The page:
- We begin with Parkland, Florida and an event we’ve become nearly desensitized to. A troubled former student of Marjory Stoneman Douglas High School pulled the fire alarm at the school and then opened fire with an AR-15 rifle. 17 people were killed, most of them students.
Survivors have begun a “March For Our Lives” campaign and are organizing a March 24th national march on Washington to demand changes to U.S. gun laws. The student activists are also calling for U.S. policymakers to stop accepting political donations from the National Rifle Association. The NRA is the primary lobbying group for gun rights in America, and one of the most powerful lobbying organizations in Washington.
- Immediately following the controversial move by the Federal Communications Commission last December to repeal net neutrality regulations protecting the “Open Internet Order,” U.S. Senator Ed Markey of Massachusetts sponsored a Congressional Review Act (CRA) resolution that would overturn the FCC’s move. Markey’s bill is gaining traction.
50 members of the 100 member Senate are now on board to restore the 2015 FCC regulations that protected “net neutrality” This means they are 1 vote away from a majority that could reverse the earlier controversial move by the FCC to give more control to the big internet service providers.
- On Tuesday, February 13th, citing “bribes, fraud, and breach of trust”, Israeli police announced there was sufficient evidence to indict Prime Minister Benjamin Netanyahu in two corruption cases. Netanyahu was defiant. And while Israeli law requires him to step down only if convicted, and his conviction upheld through appeal, public and political pressure is building for him to resign.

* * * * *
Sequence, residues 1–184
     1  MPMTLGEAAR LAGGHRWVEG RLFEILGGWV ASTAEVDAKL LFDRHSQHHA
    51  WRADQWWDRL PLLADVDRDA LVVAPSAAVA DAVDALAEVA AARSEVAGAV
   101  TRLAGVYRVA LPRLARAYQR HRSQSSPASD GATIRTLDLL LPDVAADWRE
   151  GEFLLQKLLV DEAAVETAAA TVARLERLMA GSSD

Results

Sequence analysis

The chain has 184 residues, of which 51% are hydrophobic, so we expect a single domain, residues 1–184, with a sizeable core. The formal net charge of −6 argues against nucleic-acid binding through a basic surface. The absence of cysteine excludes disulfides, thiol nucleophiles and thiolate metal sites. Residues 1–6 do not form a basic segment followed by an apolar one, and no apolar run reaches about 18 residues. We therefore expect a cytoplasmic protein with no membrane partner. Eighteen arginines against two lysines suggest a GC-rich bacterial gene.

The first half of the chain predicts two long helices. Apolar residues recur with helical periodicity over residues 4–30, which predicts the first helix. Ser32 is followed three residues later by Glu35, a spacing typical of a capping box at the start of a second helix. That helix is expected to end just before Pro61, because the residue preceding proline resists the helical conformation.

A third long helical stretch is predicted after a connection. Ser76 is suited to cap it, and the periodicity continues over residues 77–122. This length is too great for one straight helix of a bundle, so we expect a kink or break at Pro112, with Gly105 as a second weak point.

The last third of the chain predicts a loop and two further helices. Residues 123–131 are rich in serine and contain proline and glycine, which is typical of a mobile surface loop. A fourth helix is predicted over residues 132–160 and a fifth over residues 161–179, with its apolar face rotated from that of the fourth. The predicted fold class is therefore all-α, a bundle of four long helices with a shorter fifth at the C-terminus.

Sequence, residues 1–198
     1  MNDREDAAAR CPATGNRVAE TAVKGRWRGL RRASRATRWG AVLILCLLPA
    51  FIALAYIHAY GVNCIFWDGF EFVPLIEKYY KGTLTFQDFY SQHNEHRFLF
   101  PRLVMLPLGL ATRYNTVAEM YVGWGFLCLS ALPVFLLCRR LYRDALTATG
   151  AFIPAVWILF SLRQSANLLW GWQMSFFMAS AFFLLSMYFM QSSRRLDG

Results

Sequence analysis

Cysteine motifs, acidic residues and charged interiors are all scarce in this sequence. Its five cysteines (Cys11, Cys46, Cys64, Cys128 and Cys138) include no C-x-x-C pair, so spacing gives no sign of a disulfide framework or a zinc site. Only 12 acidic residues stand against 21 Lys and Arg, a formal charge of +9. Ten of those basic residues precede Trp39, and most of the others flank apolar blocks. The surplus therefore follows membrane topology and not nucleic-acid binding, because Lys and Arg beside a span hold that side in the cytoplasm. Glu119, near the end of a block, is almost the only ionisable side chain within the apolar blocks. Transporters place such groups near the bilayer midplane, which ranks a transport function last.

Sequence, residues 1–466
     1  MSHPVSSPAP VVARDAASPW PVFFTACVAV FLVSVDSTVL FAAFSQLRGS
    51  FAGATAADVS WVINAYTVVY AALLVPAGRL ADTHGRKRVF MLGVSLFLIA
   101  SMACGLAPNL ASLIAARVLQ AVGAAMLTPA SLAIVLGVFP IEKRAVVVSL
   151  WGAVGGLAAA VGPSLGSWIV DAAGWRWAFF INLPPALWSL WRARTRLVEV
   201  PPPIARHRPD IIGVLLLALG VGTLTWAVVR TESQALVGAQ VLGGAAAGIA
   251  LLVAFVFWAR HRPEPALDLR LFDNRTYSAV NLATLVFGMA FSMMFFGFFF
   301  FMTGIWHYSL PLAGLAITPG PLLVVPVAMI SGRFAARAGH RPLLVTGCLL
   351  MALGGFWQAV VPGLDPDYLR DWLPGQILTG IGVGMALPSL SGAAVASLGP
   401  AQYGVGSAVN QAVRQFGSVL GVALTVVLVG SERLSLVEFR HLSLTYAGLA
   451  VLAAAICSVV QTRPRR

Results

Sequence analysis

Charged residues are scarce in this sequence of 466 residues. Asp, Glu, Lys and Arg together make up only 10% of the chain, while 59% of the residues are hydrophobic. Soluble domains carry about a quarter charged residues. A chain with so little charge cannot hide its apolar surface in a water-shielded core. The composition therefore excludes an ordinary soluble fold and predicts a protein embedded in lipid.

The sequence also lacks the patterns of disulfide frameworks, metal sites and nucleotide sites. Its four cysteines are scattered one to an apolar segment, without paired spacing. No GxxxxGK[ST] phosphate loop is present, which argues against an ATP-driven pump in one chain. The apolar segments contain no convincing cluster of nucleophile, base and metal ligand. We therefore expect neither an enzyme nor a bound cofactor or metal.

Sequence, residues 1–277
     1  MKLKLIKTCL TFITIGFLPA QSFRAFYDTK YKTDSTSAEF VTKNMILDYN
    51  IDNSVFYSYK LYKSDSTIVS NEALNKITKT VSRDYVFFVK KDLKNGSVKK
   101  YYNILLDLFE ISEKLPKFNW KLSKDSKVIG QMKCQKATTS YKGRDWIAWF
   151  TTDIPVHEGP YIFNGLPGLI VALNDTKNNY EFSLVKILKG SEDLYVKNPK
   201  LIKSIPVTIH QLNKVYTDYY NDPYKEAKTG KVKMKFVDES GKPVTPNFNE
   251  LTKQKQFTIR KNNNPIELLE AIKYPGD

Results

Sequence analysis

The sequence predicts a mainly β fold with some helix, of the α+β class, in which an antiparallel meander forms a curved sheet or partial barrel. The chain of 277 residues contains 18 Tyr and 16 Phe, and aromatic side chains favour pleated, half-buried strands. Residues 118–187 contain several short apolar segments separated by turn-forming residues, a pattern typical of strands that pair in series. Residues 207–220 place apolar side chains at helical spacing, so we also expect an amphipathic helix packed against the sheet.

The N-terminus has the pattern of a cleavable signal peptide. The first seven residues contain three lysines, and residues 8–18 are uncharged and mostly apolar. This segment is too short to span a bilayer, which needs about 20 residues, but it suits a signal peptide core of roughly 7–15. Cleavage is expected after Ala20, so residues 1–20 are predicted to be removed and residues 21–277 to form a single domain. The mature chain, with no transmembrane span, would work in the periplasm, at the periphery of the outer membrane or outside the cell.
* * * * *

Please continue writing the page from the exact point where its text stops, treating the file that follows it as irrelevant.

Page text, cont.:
Also, the embattled South African president, Jacob Zuma, yielded to intense pressure by his party, the African National Congress, and finally resigned. Zuma had been president of the country since 2009, and had long faced charges of corruption. He was succeeded by Cyril Ramaphosa, one of the wealthiest people in South Africa.
On Thursday afternoon, the U.S. Senate voted on three separate immigration bills that stood to create protection for young DACA recipients. All failed to move forward.
The next day, President Trump tweeted:
“Cannot believe how BADLY DACA recipients have been treated by the Democrats…totally abandoned! Republicans are still working hard.”
Last September Trump announced that he would be ending the Deferred Action for Childhood Arrivals (DACA) program on March 5th, 2018, creating a deadline for Congress to come up with a replacement for “Dreamers”.
A CNN headline on Saturday read: “Someone please remind Trump that he ended DACA.”
- And finally, this weekend at the Munich Security Conference, U.S. national security officials and lawmakers delivered the message that the U.S. is committed to its European allies, is deeply concerned about Russian election meddling, and is not planning a preemptive strike on North Korea.
President Trump tweeted a response that criticized his own national security advisor, H.R. McMaster, who had been in attendance in Munich:
“General McMaster forgot to say that the results of the 2016 election were not impacted or changed by the Russians…”
Trump’s claim has not been confirmed by the U.S. intelligence agencies.